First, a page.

The Son of God is “the firstborn of all creation.” This does not mean God created the Son. In Genesis, we read the Son was there during creation. He actively participated in creation. When Paul said “firstborn,” the Greek word he used was prototokos. Prototokos means preeminent (distinguished and peerless) over all created things. The Son is the image of God from all eternity, so he was preeminent over all creation. As the likeness of God, the Son was the firstborn King over all the kings of the earth. Because God gave humans freewill, He knew they would sin. He planned from before creation to provide a sufficient sacrifice for the sins of all people. God knew from the beginning the only sacrifice that would be sufficient would be one He offered for them. That One would have to be the sacrifice for all people. The only one pure enough is the One most pure, God through His Son. So, God came to earth to live in human form as Jesus, remain sinless, and die a sinner’s death. His death would provide redemption from the slavery to sin and death for each person who believes in Jesus as the Son of God. Jesus truly was born from the womb of a woman implanted by the Spirit of God. He was 100% divinity and 100% man. He was the Firstborn of God Himself.
As firstborn and pre-eminent over all things, and as the image of the invisible God, the Son was preeminent over all creation. God – Father, Son, and Spirit – created everything out of nothing, ex nihilo. Nothing existed before creation, so nothing was used to create all that exists. Everything that is and ever has been, triune God created ex nihilo, with His creativity, power, knowledge, and wisdom. The Son created all things ex nihilo. He was from before time, is throughout time, and will continue to exist when time ends when God’s new Kingdom, the new Jerusalem, comes to be. The Son is unified with God. This begotten Son of God, the human and divine Jesus, was the one the Jewish people awaited to be begotten among them. He is the image of God, was visible as God with us when He lived on earth and is preeminent over all creation as creator of life and as the firstborn from death, the re-creator of life for all who put their trust in Him.
“For by Him all things were created, both in the heavens and on earth, visible and invisible, whether thrones or dominions or rulers or authorities-all things have been created through Him and for Him. He is before all things, and in Him all things hold together.” (Colossians 1:16-17 [NASB])
Notice first, the Son of God is the one “by” whom “all things were created.” This word “by” translates as “through,” too. Only through Christ is anything created, which includes any actual living thing and the Church. This brings forward what Paul said before, He is the firstborn of all creation. Without Jesus’ life, death, and resurrection, the Church would not exist because redemption would not have occurred. Death - eternal separation from God - would still enslave each intelligent being.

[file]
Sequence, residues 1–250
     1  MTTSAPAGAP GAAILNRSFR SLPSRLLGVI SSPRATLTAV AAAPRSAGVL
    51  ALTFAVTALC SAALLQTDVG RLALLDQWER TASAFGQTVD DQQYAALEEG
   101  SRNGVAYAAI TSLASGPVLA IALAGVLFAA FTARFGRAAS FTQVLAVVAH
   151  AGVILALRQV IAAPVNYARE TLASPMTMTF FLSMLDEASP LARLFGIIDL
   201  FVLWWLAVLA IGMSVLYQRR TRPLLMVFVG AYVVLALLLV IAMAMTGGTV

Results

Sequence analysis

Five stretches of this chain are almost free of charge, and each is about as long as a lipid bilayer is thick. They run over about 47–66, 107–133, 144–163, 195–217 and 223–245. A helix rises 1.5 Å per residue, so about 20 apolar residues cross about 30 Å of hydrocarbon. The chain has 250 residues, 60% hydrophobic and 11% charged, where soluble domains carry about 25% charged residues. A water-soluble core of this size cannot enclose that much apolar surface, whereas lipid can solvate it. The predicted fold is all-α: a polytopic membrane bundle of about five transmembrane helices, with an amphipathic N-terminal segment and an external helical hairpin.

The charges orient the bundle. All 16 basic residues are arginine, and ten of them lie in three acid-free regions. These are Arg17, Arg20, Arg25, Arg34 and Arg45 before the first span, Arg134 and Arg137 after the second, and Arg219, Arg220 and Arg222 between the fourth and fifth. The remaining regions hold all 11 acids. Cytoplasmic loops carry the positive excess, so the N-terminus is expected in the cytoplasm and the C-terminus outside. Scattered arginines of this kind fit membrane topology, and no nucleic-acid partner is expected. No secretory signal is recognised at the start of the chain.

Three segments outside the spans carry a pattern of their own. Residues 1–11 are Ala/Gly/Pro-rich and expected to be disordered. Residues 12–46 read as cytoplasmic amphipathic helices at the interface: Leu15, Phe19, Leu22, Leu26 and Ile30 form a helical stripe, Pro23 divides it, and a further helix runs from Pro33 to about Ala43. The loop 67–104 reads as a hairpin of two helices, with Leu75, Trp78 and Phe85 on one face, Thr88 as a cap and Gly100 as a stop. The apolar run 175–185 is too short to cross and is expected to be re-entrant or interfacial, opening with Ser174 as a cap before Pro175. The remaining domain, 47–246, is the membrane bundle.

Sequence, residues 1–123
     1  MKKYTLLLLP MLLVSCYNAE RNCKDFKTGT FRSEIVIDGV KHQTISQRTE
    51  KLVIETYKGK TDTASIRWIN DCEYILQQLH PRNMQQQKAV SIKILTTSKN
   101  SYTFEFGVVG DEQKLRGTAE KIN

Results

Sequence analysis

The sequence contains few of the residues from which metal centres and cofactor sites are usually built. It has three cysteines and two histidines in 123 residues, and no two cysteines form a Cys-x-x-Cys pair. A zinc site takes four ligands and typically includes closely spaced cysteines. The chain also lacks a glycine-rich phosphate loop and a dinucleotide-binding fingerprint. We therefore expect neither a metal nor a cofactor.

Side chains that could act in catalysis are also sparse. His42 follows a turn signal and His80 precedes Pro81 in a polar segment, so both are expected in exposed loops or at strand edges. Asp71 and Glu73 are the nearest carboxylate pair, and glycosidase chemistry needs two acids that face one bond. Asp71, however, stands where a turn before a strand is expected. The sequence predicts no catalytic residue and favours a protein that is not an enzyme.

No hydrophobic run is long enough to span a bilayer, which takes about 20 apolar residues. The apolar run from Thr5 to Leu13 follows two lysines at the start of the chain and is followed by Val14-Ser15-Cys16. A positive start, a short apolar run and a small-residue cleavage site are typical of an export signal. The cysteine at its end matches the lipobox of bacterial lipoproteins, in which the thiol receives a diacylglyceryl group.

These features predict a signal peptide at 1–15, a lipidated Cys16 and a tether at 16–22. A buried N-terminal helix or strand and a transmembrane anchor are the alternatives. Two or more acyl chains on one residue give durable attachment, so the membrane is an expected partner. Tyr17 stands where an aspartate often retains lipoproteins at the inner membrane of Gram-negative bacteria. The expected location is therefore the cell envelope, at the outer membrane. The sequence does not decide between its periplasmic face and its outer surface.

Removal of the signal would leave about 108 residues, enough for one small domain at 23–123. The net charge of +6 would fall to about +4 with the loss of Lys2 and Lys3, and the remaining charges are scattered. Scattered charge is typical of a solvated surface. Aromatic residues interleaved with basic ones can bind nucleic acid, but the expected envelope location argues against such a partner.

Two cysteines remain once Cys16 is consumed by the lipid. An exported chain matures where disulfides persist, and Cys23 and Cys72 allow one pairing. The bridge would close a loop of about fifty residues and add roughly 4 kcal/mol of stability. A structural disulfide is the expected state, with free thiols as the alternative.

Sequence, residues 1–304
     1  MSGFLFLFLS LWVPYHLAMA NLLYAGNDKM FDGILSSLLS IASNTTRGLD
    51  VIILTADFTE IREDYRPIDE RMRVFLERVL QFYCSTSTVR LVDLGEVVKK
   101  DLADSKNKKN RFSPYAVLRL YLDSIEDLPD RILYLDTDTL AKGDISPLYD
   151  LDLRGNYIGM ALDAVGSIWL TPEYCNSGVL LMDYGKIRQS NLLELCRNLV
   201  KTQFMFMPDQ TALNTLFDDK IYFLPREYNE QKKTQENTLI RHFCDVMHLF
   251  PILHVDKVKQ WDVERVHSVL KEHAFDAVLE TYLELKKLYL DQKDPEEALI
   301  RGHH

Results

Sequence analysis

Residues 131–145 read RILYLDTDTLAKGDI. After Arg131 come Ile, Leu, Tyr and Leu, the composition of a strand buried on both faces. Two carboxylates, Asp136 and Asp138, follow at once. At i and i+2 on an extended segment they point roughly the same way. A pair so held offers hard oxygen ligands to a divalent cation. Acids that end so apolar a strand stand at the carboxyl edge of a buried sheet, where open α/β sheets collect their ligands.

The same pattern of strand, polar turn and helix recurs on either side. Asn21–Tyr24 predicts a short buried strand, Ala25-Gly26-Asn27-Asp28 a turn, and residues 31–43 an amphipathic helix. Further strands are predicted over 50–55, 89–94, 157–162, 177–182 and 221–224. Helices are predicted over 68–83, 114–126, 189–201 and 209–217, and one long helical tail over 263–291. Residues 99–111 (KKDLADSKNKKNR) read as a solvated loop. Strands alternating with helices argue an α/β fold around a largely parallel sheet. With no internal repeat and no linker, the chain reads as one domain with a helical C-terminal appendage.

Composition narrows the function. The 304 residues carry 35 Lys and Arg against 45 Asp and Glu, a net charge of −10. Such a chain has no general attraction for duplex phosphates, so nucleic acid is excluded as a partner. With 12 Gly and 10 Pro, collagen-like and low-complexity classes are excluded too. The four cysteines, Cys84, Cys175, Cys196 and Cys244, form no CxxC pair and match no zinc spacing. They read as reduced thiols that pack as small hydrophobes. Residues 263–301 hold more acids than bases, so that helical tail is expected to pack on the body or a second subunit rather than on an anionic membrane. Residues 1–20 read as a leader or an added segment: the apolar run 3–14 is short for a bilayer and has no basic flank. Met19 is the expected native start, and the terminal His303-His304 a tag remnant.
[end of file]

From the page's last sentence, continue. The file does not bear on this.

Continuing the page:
Paul expanded what he wrote in verse fifteen to make sure the Colossian believers understood, the Son of God created all things on earth and in the heavens. The Gnostics thought material things, like the body, were evil and spiritual things, like angels, were good. Since the Son, as the image of God, created both, then both earthly and heavenly beings were good.
Next, Paul said the Son created what is visible and invisible. Each thing a person sees, the Son created. The material world is not bad and can lead a person to recognize someone greater than him/herself exists. A person can see the invisible with spiritual eyes, not the naked eye, once that person receives faith from God because of his/her seeking Him. The Son created all that is in heaven and on earth, what is visible to the eye and what only is discernible with the spiritual eyes God opens. Again, material and spiritual are good, though the Gnostics saw the material world as evil.
Paul continued in verse sixteen when he expanded what the invisible things are that the Son created and over whom He reigns as King. These beings are on thrones, have dominions, are rulers, and have authority. Like Paul expanded for the people of Colossae what visible things Jesus created, he expanded what invisible things He created, too. Paul wrote Colossians and Ephesians nearly the same time. Because he wrote in Ephesians 1:21 about all rule, authority, power, and dominion, and every name that is not named, commentators think the thrones, dominions, rulers, and authorities of Colossians are angels and their different levels of work. In Ephesians, God exalted Christ above all things and seated Him above all rule, authority, power, and dominion. These words from Paul in Ephesians 1:21 teach us angels are not more important than religious creeds or God. Paul used the terms - thrones, dominions, rulers, and authority - the Gnostics used at the time. The Gnostics used these words to convince the Colossians believers they needed more than faith in Jesus for them to have salvation, to be an advanced Christian. To the Gnostics who taught this, Jesus’ sacrifice was insufficient for salvation. So, they added their own philosophical reasonings and thoughts to what Epaphras proclaimed to the Colossians. By doing this, the Gnostics caused disturbances, confusion, and disagreements in the city and within the church. The main point in this verse from Paul is that Jesus greater than everything created since He created them. This includes angels. The Son of God is Lord of creation, not the angels. He created all creation, visible and invisible, in heaven and on earth. He is superior and His salvation is sufficient.